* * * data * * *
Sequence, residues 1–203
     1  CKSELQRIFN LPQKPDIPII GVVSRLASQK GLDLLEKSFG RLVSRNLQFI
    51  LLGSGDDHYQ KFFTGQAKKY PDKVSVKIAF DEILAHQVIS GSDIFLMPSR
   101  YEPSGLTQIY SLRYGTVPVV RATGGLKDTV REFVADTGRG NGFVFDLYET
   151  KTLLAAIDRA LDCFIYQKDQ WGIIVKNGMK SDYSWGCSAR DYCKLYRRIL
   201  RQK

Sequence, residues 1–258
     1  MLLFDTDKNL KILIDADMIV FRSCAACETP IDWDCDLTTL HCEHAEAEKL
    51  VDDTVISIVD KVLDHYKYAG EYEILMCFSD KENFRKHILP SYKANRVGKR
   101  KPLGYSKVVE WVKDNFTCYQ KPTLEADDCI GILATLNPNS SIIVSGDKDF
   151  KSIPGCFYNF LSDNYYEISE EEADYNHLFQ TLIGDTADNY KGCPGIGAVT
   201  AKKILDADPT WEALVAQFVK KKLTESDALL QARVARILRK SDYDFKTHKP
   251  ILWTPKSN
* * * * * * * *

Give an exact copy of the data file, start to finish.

Sequence, residues 1–203
     1  CKSELQRIFN LPQKPDIPII GVVSRLASQK GLDLLEKSFG RLVSRNLQFI
    51  LLGSGDDHYQ KFFTGQAKKY PDKVSVKIAF DEILAHQVIS GSDIFLMPSR
   101  YEPSGLTQIY SLRYGTVPVV RATGGLKDTV REFVADTGRG NGFVFDLYET
   151  KTLLAAIDRA LDCFIYQKDQ WGIIVKNGMK SDYSWGCSAR DYCKLYRRIL
   201  RQK

Sequence, residues 1–258
     1  MLLFDTDKNL KILIDADMIV FRSCAACETP IDWDCDLTTL HCEHAEAEKL
    51  VDDTVISIVD KVLDHYKYAG EYEILMCFSD KENFRKHILP SYKANRVGKR
   101  KPLGYSKVVE WVKDNFTCYQ KPTLEADDCI GILATLNPNS SIIVSGDKDF
   151  KSIPGCFYNF LSDNYYEISE EEADYNHLFQ TLIGDTADNY KGCPGIGAVT
   201  AKKILDADPT WEALVAQFVK KKLTESDALL QARVARILRK SDYDFKTHKP
   251  ILWTPKSN